My Fizik Antares VS with carbon rails
My Fizik Antares VS with carbon rails

Everyone is going to be different when it comes to saddle. There is only so much advice that we can give you, and a recommendation from me may not do it for you. The best thing you can do is to come in yourself and demo new saddles! If you mention this blog post when you come in for a saddle demo, you will also receive a Zjay’s Saddle Sore Soother (while supplies last)! We want to make sure you have a comfortable experience. Your butt will thank you for it.

 

Why Enve?

Bicycle components are a very personal thing. Everyone develops their own taste and preferences. Some value form over function. Others don’t mind having mismatched parts as long as they are comfortable. I used to focus heavily on weight, and others are die-hard fans of a certain company.  I could never be satisfied in purchasing a stock bike. I needed to have a say in what components were going on my bike. Every bike I’ve owned after my first road bike has been custom built with carefully selected parts to match my aesthetic and functional preferences.

Many of us here at the shop have our bikes built up with Enve parts and wheels. If you take a look at our shop manager’s new custom Mosaic, you’ll see that it has been fully equipped with every part that Enve has to offer.

IMG_3090 Final Resized

There is a lot of name recognition around the brand. Their products are recognizable even with their new stealth logos (which I think are badass), but you may be asking us why we all choose Enve. It certainly looks clean and aggressive on a bike, but there are many more reasons beyond that that make Enve a top choice for many bike builds.

First of all, Enve wheels are designed and built right here in the USA. What that means to you as a consumer, is better quality control. Out of all the years our store manager has worked here, he never received a warranty issue regarding the brake track with Enve wheels. For a carbon wheel, that’s quite the accomplishment. And when the odd issue does pop up, Enve’s warranty department is pain-free to work with.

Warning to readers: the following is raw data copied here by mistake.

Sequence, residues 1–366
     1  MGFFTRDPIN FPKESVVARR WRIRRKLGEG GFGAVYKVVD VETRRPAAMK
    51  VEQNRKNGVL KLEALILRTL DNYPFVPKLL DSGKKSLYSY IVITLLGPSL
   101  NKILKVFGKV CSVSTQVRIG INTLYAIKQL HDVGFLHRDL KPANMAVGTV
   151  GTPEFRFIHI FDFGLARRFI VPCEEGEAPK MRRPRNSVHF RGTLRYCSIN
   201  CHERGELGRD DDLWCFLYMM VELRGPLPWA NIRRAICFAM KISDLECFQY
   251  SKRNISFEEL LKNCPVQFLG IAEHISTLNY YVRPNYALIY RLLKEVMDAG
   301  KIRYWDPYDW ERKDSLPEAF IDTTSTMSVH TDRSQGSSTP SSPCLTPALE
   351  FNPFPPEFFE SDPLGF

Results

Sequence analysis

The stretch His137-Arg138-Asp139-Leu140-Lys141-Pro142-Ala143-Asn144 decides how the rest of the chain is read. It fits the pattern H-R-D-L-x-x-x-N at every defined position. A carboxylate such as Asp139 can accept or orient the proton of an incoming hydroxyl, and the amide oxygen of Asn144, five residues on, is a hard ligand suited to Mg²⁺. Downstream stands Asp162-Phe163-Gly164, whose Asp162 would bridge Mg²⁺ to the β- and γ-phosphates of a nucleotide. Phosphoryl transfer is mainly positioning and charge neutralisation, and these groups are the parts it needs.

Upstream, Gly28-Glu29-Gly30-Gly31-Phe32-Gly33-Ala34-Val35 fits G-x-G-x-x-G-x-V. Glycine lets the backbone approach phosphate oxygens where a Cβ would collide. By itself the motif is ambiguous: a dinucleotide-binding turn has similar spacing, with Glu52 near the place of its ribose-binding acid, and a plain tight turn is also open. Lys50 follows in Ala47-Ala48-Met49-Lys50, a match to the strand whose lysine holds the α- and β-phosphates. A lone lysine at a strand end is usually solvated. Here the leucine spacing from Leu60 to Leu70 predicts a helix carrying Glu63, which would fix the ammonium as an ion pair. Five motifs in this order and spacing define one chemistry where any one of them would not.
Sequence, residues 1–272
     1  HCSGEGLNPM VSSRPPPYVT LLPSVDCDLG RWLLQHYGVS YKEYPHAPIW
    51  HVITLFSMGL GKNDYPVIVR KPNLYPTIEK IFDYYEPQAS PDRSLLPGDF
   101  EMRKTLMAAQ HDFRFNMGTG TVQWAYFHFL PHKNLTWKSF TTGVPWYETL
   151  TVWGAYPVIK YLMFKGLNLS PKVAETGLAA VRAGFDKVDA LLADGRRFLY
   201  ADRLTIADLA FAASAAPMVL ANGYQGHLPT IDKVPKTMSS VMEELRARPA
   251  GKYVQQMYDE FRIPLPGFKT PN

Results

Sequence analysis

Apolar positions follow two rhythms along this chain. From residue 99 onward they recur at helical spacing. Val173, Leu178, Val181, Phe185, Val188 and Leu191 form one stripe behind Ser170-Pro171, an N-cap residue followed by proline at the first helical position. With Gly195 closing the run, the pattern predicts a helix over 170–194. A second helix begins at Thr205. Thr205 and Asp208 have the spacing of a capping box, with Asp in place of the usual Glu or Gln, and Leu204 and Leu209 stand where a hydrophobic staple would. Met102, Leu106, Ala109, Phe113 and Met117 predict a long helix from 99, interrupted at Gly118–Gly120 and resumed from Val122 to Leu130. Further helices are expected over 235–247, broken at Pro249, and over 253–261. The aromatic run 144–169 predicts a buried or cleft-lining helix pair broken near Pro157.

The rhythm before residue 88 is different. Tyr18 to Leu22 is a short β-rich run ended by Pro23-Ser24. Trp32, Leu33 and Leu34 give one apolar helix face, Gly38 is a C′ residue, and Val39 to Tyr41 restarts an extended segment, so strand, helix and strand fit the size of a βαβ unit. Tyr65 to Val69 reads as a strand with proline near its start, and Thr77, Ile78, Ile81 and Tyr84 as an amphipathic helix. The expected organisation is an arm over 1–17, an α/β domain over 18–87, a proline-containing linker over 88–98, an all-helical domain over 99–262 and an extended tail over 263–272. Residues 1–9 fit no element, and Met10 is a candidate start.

Enve is also constantly improving their product designs and coming up with innovative ideas. Take for example, one of my personal favorites, Enve’s built-in bar end plugs. They work seamlessly, and provide a clean finish to the ends of your bars. enve bar end plugIts little details like this, combined with a super comfortable bar shape that really pushes the product above other options. When you look at Enve’s wheels, they are undergoing constant revisions and improvements. The new brake tracks for one offer better braking than previous iterations and is something we except to see constant revision generation after generation. Enve’s new front and rear rims differ in depth and shape as well which was proved to improve handling and drag. Instead of drilling spoke holes in the rim, Enve molds those in to provide extra strength and durability. Not only that, but you can choose which hubs you want your wheels to be built with. DT Swiss? No problem. You want to match your hubs to your Chris King headset and bottom bracket? They can do that. Enve’s dedication to aesthetics also resulted in their own specific Garmin stem mount which looks super clean as it attaches directly to the stem face plate.